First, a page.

Frank Diamond’s poem, “Labor Day,” has recently been nominated for a Pushcart Prize Award. His short stories have appeared in Innisfree, Kola: A Black Literary Magazine, Dialogual, the Madras Mag, Reverential Magazine, Empty Sink Publishing, the Zodiac Review and the Fredericksburg Literary and Arts Review. He has had poetry published in Philadelphia Stories, Fox Chase Review, Deltona Howl, Artifact Nouveau, Black Bottom Review, and Feile-Festa. He lives in Langhorne, Pa.
One Night in Harpoon Henry’s
When my first wife died I withered and withdrew
And lonely did I scale the couloir of grief
Curling about myself like that indolent snake
Confronting that first wife with cancer’s last claim
Just an overgrown garden snake parked upon our drive
A brown arm’s-spread length of languid reptilian still
A critter I’d never seen before or since that meeting
Curled into a taunt that he hurled at my own girl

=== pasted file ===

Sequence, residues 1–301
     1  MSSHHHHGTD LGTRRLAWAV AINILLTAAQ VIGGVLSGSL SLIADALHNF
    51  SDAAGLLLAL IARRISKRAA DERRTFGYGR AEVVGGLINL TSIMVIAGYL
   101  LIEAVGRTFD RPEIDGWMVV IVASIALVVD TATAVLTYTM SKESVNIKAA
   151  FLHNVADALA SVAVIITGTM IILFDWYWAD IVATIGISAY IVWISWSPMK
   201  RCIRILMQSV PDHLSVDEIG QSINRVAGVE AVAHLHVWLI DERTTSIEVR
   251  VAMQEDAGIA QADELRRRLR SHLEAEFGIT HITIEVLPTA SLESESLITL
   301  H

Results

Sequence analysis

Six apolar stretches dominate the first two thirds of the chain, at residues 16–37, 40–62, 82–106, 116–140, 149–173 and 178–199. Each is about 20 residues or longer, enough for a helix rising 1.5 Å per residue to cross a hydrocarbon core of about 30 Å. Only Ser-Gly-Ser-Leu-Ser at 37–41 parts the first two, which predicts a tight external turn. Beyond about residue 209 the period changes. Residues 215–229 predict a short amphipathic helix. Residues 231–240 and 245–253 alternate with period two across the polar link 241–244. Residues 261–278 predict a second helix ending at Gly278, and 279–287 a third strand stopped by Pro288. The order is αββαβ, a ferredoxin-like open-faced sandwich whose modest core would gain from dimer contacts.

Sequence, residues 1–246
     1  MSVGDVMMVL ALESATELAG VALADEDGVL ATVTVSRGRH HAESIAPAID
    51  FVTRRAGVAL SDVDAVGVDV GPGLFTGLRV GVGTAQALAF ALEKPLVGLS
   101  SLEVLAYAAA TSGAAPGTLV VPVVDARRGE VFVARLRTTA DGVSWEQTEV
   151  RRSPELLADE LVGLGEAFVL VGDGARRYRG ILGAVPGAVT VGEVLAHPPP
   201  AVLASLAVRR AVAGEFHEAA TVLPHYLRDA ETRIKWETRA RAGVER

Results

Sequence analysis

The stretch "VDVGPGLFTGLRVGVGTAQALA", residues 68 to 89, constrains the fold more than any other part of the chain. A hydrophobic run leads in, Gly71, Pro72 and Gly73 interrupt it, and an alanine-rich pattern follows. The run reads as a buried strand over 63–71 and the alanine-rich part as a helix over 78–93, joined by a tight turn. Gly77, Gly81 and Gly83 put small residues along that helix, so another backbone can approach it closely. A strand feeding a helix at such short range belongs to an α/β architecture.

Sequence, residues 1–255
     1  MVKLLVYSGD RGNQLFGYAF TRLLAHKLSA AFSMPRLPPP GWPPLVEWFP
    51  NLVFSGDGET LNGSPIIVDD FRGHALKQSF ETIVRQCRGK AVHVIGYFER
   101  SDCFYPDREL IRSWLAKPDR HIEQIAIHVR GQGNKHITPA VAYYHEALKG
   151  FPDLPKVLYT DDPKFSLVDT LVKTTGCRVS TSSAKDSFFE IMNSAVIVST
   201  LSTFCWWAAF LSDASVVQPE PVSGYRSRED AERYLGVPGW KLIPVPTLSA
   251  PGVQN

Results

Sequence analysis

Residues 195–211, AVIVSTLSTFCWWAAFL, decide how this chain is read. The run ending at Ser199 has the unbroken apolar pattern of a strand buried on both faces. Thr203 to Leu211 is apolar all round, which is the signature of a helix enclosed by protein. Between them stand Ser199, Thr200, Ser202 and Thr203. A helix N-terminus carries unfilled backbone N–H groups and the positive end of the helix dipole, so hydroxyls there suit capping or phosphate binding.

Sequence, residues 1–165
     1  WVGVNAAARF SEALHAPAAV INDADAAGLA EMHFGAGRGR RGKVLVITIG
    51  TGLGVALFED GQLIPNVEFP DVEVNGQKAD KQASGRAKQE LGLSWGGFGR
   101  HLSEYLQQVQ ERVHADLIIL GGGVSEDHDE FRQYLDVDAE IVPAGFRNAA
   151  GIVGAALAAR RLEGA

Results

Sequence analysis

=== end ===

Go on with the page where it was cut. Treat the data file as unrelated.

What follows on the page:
Coiling tighter in delight: “The hour’s come for you!”
She died soon after when the siege broke through
And I never really heard the music until its absence
Of delight in all creation—that’s how her voice fulfilled
So what torched despair’s fingers until the grip gave out?
One night in Harpoon Henry’s I kissed a pretty woman
A nice, friendly girl I’d been working with for years
Mouth-to-soul resuscitation seasoning bloodless sleep
That kiss—alone, apart, about. A prelude to nothing
Except the entirety of life. A kiss. That’s it.
Interceding like prayer to caulk my brokenness
Did I ever tell that girl what that kiss delivered?
I now forget (surprise!) how she wriggled off the hook
Can’t even recall the name, just drops of smiling eyes
I am deaf, now. Blind. Can’t bend to tie my shoe
A salty wind-whipped spray gentles this old wheeze
Lets me taste that kiss once more and that is what I’ll ride
You may release your servant, Lord. It is time for me to die.